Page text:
Mere Dad Ki Maruti

March 15th, 2013

A khadoos and kanjoos dad can't see eye to eye with his free-spirited son. The backdrop is a big, fat Punjabi wedding in North India. A brand new car that's supposed to be offered as the wedding gift goes missing. Now add a tadka of assorted characters: Bhai, weirdos and cops. Perfect recipe for a truly appetizing Punjabi delicacy? Oh, yes! Y-Films' third movie MERE DAD KI MARUTI is loud, funny, energetic and whacky.

Ashima Chibber, who has been an apprentice to talents such as Shimit Amin and Imtiaz Ali, opts for a full-on masaledaar fare in her debut film. Unlike Y-Films' second endeavor MUJHSE FRAAANDHSIP KAROGE, a classy metro-centric love story, this one's an over the top comic entertainer that unravels at lightening speed. And it works!

MERE DAD KI MARUTI is set against the backdrop of a Punjabi wedding in Chandigarh. It tells the story of Sameer [Saqib Saleem], who sneaks his dad's [Ram Kapoor] fancy new car out to impress the college hottie Jasleen [Rhea Chakraborty] and how all hell breaks loose when he loses it.

The screenplay of MERE DAD KI MARUTI follows the tried and tested mantra: It activates with a dilemma and concludes with a definite resolution. In between, the fast-changing tracks and the colorful characters and episodes keep your attention arrested. You rarely go wrong if you follow this [oldest] storytelling technique in Bollywood... MERE DAD KI MARUTI gets it right on this count. Besides, Ashima does the smartest thing by making it an over the top experience.

If you're from North India, or are aware of how a section of individuals behave in the Northern region of the country, you'd promptly identify with the characters and setting in the narrative. Sure, MERE DAD KI MARUTI stands on a skeletal plot, but screenplay writers Neeraj Udhwani, Pooja Desai and Ashima Chibber make sure they pepper it with lively characters and situations, which makes this ride enjoyable for most parts.

MERE DAD KI MARUTI manages to steer clear of major pitfalls. What stands out is the fact that most kids want to break free from parental pressures, but end up in trying situations. This aspect comes across loud and clear in the enterprise, although the film never gets preachy or sermonizing on that front. The only glitch is that the makers could've avoided in-your-face, blatant publicity of the vehicle brand. The director could've adopted a more subtle approach.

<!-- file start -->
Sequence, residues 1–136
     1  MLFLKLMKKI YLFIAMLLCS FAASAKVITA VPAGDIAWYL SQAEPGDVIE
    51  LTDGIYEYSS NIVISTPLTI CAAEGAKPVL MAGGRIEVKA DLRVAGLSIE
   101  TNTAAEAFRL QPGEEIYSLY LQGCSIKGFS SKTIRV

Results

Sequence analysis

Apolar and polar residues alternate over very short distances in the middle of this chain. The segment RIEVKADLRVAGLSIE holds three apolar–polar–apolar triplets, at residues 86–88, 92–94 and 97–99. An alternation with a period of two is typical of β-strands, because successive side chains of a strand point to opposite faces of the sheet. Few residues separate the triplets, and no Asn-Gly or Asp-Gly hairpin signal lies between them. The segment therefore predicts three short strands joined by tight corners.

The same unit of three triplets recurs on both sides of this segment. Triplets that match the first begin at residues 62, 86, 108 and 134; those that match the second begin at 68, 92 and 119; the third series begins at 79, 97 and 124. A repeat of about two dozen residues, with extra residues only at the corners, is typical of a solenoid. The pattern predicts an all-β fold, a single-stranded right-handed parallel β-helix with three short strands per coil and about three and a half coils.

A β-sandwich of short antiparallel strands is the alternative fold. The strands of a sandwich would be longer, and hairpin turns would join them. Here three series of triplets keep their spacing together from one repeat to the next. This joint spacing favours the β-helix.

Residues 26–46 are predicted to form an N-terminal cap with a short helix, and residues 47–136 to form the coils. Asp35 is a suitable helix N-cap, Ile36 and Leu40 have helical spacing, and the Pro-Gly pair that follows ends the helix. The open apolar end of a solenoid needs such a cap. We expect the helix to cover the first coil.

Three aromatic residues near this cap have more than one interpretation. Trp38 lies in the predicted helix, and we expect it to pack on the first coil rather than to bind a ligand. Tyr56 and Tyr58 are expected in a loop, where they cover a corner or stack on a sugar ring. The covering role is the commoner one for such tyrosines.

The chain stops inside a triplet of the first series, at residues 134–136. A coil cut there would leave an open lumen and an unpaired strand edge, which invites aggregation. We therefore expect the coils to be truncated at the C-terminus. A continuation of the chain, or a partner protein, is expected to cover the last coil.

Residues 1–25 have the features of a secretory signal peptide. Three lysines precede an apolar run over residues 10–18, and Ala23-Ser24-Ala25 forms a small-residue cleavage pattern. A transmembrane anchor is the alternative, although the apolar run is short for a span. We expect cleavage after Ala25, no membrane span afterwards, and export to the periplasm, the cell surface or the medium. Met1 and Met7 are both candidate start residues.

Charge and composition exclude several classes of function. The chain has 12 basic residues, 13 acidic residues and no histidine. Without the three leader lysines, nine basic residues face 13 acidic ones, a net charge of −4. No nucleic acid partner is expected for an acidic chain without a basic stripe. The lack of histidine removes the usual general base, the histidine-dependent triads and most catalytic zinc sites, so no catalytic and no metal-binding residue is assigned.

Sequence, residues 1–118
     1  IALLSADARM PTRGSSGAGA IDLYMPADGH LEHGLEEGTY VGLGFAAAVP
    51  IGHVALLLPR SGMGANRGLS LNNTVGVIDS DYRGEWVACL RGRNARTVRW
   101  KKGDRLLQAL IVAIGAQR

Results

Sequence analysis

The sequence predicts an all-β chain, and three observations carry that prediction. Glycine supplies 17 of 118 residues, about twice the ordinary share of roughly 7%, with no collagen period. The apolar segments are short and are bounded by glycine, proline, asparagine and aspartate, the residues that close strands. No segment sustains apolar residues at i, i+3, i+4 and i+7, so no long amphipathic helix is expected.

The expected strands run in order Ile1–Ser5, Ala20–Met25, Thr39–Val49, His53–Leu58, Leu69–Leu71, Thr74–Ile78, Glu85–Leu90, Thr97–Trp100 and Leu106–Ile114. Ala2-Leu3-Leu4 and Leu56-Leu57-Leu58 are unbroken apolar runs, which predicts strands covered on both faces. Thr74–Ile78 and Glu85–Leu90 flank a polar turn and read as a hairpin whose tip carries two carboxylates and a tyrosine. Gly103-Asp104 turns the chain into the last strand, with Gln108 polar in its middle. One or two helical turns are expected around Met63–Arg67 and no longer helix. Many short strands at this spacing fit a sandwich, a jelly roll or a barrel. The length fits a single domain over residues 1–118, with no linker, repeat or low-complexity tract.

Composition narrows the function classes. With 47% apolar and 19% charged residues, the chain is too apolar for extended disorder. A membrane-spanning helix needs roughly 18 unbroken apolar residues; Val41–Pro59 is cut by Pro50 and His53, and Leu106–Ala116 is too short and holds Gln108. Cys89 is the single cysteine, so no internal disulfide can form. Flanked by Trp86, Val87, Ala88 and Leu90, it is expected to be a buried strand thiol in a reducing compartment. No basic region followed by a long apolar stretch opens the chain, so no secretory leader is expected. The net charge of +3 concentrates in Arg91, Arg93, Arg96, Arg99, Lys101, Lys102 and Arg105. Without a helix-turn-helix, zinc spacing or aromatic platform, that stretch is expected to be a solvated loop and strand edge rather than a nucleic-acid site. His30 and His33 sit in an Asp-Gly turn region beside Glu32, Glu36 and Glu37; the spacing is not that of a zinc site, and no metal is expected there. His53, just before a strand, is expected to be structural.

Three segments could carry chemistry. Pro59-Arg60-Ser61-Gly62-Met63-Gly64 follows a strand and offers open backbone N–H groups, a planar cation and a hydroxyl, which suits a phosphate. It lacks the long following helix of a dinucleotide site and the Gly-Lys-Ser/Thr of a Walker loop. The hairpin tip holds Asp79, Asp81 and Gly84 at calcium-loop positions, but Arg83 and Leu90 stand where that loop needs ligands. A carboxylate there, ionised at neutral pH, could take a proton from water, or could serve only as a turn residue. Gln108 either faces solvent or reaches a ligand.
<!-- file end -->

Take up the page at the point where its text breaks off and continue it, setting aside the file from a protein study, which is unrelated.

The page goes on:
Sachin Gupta grasps the essence of the film perfectly and delivers a lively soundtrack. 'Punjabiyan Di Battery' is sprightly and stays on your lips instantly. 'Main Senti Hoon' is another song that's aimed at youngistaan. I'd like to make a special note of the witty one-liners/dialogue [Ishita Moitra], which is exactly how youth converse these days. Also, the North Indian dialect adds loads of flavor to the lines.

Saqib Saleem showed immense potential in MUJHSE FRAAANDHSIP KAROGE and with MERE DAD KI MARUTI, proves he's one of the brightest talents around. His comic timing, casual conversations and manic gestures are a delight to watch. Ram Kapoor, a supremely talented actor, gets his role spot-on. The cynics may argue, he's loud and crass, but his character is meant to behave that way. Also, it only goes to prove how versatile he is, when you recall the suave character in STUDENT OF THE YEAR and the effort he invests in MERE DAD KI MARUTI to appear loud.

Rhea Chakraborty is confident, although her character doesn't offer her much to scope to prove her talent. Prabal Panjabi, also introduced in MUJHSE FRAAANDHSIP KAROGE, stands out yet again. Together with Saqib, he contributes to several lively moments in the enterprise. Ravi Kissen is first-rate as the local Bhai. Karan Mehra [as the groom] is efficient. Benazir Shaikh [as Saqib's sister] does an okay job. The assorted characters, each of them, lend admirable support.

On the whole, MERE DAD KI MARUTI is a joyride. Mazedaar, masaledaar, full-on entertainer. Hitch a ride on this one instantly!

Published with permission from Source.

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